Then complete the shaded area opening balance, which includes bank, loan and cash balances and should be put in the sheets:

  • monthly cashflow forecast
  • monthly actual cashflow

This provides the starting point for the rest of the cashflow. Next, input your month 1 forecast – all the sales broken down into the elements of your particular business – and do the same for expenditure. Base your figures on your own experience and what you forecast to receive or pay. The sections can be amended to reflect your business's requirements.

Repeat this process for the actual cashflow; here the figures you input are based on actual. This should then automatically be displayed in the third sheet:

  • monthly cashflow forecast/actual comparison

This is where the real analysis work is done and will determine the accuracy of your forecast figures. The forecasts sheet should be used to determine when you may have a cash shortfall before the event arises and will help determine whether you will need to obtain additional funding.

Download the cashflow template from 'Related documents'.

Related documents

Download EXCEL 93KB

ACCA Cashflow Template


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How to Calculate Business Cash Flow

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Tracking your cash flow is a crucial step toward establishing a healthy small business. Unless you're a former bookkeeper, the task might seem daunting, but the actual equation is relatively simple: Cash in minus cash out.

Richard Schwartz, a registered tax return preparer and owner of Schwartz Accounting & Tax in Denver, recommends using software such as QuickBooks to stay organized. However, if you're looking for a straightforward approach to tracking your cash flow — and don’t have experience with accounting or bookkeeping — a simple spreadsheet will get the job done.

If you’re using credit cards or cash-flow loans to help stretch your capital, it's even more important to stay organized.


QuickBooks Online

How to calculate business cash flow

To start, list the months of the year side by side across the top of your spreadsheet. (We made the calculations below in Microsoft Excel.) Then use the left side for a running list of your cash assets and cash expenses.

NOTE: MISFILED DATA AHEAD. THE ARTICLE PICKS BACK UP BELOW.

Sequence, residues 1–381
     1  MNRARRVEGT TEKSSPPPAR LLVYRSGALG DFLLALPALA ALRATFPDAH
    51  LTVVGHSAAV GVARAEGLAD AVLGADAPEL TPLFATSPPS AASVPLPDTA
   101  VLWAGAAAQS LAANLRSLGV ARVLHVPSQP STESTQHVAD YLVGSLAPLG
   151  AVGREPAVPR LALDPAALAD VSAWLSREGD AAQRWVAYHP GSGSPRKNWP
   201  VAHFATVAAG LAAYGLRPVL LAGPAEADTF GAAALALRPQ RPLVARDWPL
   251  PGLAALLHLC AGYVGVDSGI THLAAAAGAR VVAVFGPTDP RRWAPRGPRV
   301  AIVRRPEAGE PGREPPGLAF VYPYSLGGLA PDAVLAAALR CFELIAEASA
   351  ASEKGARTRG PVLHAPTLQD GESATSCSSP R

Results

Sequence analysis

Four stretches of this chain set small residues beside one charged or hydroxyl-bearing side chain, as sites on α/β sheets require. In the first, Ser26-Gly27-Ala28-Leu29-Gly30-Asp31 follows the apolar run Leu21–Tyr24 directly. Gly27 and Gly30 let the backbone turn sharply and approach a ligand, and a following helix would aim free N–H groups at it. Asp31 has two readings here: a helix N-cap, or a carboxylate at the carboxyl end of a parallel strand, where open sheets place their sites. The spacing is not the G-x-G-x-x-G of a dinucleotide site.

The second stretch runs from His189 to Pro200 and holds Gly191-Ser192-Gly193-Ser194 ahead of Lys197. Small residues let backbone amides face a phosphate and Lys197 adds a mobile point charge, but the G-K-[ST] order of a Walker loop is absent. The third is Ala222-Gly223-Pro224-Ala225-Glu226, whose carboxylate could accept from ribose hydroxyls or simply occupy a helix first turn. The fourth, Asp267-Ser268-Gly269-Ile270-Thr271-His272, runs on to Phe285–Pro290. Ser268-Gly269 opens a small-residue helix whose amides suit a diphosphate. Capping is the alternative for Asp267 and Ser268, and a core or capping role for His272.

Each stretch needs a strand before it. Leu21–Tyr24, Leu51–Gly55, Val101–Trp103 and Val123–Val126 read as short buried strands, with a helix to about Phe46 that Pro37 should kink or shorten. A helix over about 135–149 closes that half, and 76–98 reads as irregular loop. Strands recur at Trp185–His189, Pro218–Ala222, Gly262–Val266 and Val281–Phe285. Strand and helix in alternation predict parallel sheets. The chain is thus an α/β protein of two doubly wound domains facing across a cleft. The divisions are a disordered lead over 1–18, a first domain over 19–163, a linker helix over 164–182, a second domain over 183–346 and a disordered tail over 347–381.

Your cash assets will include the starting balance in your bank account and monthly income, such as sales and interest. For example, say you started the year with $10,000. In January, you made $3,000. Add the two together to get a total cash balance of $13,000.


Let's say your rent is $2,000, and your monthly credit card payment is $400. You know you'll be on the hook for $2,400 each month. But maybe you had to pay back a relative who loaned you $300 to fix your computer and you opted to pay your $250 utility bill in cash. (Right now you’re only tracking your cash flow, so you don’t need to include expenses you’ve financed with a credit card). Add them together, and you have total cash expenditures of $2,950 for the month.


Now, refer back to the original equation: cash in minus cash out. Subtract your expenses from your total cash balance, and you’re left with your monthly income.

This is the balance you’ll roll over to the next month, and the number you'll use to determine how much money to stash away for taxes.

As you repeat the process each month, you’ll generate a comprehensive overview of your cash flow.


The more complex your business, the more complex your spreadsheet will be. But if you're using Excel, you can rely on some of its features — such as automatically summing your totals and rolling over the balance each month — to keep you on track.

You can also choose another spreadsheet program, or even rely on a pencil and a notebook, if that makes you feel more comfortable.

Remember, warns Schwartz, cash flow is only part of the picture. You’ll need to consider your overall liabilities, including credit card and loan balances, when determining whether you’re profitable.

The bottom line on calculating your cash flow

Cash flow is just one element of your business operations, but tracking it is an important step in ensuring your success.

You can use financing to help your cash stretch further, Schwartz says. “If you pay for everything in cash, you may run out of cash before your business has really had a chance to take off," he says.

Find and compare small-business loans

NerdWallet has come up with a list of the best small-business loans to meet your needs and goals. We gauged lender trustworthiness, market scope and user experience, among other factors, and arranged them by categories that include your revenue and how long you’ve been in business.

On a similar note...

One blue credit card on a flat surface with coins on both sides.

Cash Flow Statement for Your Business Plan

Know how your money is moving..

It is a common small-business mistake to look at an income statement and conclude that a business is healthy because it is profitable. A profitable business, particularly a growing business, can still run into serious cash problems. A business that runs out of cash soon goes out of business. That’s why your business plan must include a Statement of Cash Flow.

The statement of cash flow starts by looking at the beginning cash and then makes adjustments for things that happen during the period, which impact cash. Finally, the ending cash is calculated for the month. The current month’s ending cash is next month’s starting cash. Open the sample statement of cash flow (below) and step through it from top to bottom. This example will serve as a template for your own cash flow statement.

The starting point for cash flow is the Net Ordinary Income from the income statement. From there, we’ll make adjustments to track actual inflows and outflows of cash.


Increase / (Decrease) in Accounts Receiv able. This adjustment can seem counterintuitive at first. It is easiest to understand using the example of the first month of the new business. The income statement showed revenue of $1,000. Since the amounts were invoiced on terms of net 30, no cash has yet been received. Therefore, accounts receivable increased by $1,000.